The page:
Follow us on TwitterLike us on Facebook
Auction Guide
Advertise with Us
2015 Bookseller Resource Guide

Churchill’s Dangerous Letter, Napoléon’s Stolen Novel, and a Pony Express Bible

Old Masters of the Poster World

Reproduction lithograph of Mucha’s Job cigarettes advertising poster, included in Les Maîtres d’Affiche. Courtesy of Heritage.
Reproduction lithograph of Steinlen’s Chocolats et Thés advertising poster, included in Les Maîtres d’Affiche. Courtesy of Heritage.

Les Maîtres d’Affiche, $50,787.50, at Heritage of Dallas on June 7.

Conceived by the enormously influential French poster artist Jules Cheret, this was a subscriptions series of colored litho reproductions of the finest advertising posters of the late nineteenth century. They were issued at a rate of four a month from 1896-1900, along with sixteen additional ‘special’ plates, but subscribers did have the option of having their loose plates brought together in Art Nouveau pictorial bindings created by Paul Berthon, and this was just such a complete and beautifully preserved set.

Beautiful green pictorial binding of the five-volume set, Les Maîtres d’Affiche. Courtesy of Heritage.

Les Maîtres de l’Affiche features work by 97 artists, among them such big names as Toulouse-Lautrec, Alphonse Mucha, Théophile-Alexandre Steinlen, and Cheret himself, and many of the plates are nowadays highly valued as individual sheets. Unbroken sets are thus hard to find, but this one contained all 240 color plates of the main run, plus all sixteen specials. Though these are reductions of the originals, they are printed on high quality paper and in some cases the only extant examples of the original posters.

The plates in this set are generally excellent, although there is some toning around the edges and occasional foxing—mostly found outside the image area, but more prominent in the special plates. Seen here are the stunning pictorial bindings and examples of the work of Mucha (Job cigarettes) and Steinlen (Chocolats et Thés).

Napoléon’s Tom Jones

French edition of Tom Jones, stolen from Napoléon’s library in 1815. Courtesy of Christie’s South Kensington.

Henry Fielding, Tom Jones ou l’enfant trouvé…, £6,250 ($9,013) at Christie’s South Kensington on June 7.

A 1784 French abridgement of Fielding’s masterpiece, this copy brazenly declares itself to have been stolen. The morocco gilt binding itself is a contemporary French one, but to the upper cover of the first volume have later been added the words “Taken out of the Imperial Library at Malmaison when it was occupied by British Troops, AD 1815.”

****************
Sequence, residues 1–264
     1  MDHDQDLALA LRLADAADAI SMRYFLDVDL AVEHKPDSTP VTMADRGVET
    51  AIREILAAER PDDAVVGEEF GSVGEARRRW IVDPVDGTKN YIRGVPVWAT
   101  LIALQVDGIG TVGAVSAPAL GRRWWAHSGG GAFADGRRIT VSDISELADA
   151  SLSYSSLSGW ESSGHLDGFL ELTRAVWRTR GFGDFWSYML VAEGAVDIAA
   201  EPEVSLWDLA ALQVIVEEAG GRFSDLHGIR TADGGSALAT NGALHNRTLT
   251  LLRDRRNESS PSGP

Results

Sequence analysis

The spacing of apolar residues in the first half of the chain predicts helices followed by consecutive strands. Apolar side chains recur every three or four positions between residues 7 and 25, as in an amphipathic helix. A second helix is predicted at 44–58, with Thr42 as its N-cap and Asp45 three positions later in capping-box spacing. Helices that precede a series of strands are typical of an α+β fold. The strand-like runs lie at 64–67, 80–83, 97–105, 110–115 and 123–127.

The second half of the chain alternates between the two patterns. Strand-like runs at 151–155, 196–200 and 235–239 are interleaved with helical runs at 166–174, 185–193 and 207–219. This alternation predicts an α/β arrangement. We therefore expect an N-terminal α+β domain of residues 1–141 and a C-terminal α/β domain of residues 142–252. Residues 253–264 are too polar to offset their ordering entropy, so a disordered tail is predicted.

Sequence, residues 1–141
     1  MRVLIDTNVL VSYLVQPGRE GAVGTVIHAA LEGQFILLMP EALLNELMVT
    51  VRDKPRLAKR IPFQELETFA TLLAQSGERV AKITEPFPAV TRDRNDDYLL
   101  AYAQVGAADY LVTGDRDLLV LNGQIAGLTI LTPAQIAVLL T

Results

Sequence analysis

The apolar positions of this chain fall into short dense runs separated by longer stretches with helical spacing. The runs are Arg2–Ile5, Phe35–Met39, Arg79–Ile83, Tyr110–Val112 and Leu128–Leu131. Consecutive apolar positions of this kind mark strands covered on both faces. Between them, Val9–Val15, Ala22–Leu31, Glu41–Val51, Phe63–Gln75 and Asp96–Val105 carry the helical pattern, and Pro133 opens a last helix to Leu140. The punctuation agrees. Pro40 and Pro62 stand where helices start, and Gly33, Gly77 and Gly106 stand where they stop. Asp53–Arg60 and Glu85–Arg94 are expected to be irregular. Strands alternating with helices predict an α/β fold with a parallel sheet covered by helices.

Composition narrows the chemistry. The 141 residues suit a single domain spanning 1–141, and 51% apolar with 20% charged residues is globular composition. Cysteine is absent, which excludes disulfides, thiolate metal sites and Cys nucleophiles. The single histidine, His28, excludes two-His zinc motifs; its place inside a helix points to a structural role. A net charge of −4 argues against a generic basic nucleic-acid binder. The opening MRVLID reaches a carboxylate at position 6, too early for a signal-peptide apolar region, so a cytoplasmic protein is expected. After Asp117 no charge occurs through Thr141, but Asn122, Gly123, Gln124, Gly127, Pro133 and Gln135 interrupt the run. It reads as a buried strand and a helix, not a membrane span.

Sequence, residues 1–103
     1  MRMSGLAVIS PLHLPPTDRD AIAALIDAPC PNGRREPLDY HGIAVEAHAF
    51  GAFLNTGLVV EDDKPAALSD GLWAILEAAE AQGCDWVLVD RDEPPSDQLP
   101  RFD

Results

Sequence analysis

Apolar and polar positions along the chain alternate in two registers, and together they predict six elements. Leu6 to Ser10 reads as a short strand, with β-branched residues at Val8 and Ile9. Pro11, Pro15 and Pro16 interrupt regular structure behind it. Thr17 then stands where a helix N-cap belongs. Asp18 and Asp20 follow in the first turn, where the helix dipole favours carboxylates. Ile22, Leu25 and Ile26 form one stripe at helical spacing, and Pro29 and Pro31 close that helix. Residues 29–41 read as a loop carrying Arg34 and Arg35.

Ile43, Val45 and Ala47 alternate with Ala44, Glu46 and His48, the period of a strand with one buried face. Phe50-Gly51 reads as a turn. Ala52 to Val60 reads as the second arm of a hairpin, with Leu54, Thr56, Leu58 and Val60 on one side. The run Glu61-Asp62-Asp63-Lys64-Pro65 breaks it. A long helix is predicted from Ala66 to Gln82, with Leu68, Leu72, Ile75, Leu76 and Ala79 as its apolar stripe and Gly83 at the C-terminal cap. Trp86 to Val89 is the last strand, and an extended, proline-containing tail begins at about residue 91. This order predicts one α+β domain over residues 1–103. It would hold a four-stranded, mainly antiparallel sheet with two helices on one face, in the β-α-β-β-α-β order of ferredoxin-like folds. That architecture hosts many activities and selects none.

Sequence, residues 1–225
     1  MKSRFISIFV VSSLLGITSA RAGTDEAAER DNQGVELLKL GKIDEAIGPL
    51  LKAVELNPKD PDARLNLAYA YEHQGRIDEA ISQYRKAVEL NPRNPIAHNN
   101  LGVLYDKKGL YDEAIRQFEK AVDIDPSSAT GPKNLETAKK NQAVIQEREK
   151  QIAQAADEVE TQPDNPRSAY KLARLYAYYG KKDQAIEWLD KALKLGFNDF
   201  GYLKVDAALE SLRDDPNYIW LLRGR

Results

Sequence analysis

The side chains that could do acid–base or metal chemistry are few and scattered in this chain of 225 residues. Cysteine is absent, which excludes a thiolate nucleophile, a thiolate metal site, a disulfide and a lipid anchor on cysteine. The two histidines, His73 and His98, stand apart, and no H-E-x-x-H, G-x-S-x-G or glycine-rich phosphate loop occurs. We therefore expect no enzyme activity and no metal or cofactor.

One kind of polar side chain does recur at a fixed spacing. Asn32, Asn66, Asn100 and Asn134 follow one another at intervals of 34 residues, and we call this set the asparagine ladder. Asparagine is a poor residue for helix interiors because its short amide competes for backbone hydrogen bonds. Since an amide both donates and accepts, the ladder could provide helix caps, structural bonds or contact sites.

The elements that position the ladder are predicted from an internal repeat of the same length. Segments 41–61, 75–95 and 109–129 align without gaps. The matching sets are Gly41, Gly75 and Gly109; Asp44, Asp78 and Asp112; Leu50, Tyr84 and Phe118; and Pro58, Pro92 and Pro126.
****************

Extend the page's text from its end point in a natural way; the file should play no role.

Joséphine de Beauharnais had bought the Château de Malmaison for herself and her husband, Napoléon, in 1799 and although they divorced in 1809, he did take up residence once more after the Battle of Waterloo. It was in the immediate aftermath of that crushing defeat that a chap by the name of Grantham, an aide-de-camp to Lieutenant General Sir Lowry Cole, a divisional commander in Wellington’s army, visited Malmaison. At the time it was occupied by British troops, and in a note written on a front black of the first volume, Grantham confesses to coming away with a souvenir of Napoléon and Malmaison. “Indefensible as the act was, the temptation to bring away a proof of that fact, was too strong, and I took these books out of the Imperial Library.”

A Musical Update

Just a note on the success or otherwise of those items from the Sotheby’s London music sale of June 9 that I previewed in the May issue.

The newly discovered autograph manuscript of Schubert’s song, Blondel zu Marien, was bought by UK dealer Lisa Cox at £54,050 ($78,115) and the Beethoven letter about the legal rights of his nephew went to a collector for £33,650 ($48,630), but neither the first printed vocal score for Mozart’s Die Zauberflöte, nor the bust of Johan Strauss II found new homes.

Derek HayesIan McKay’s weekly column in Antiques Trade Gazette has been running for more than 30 years.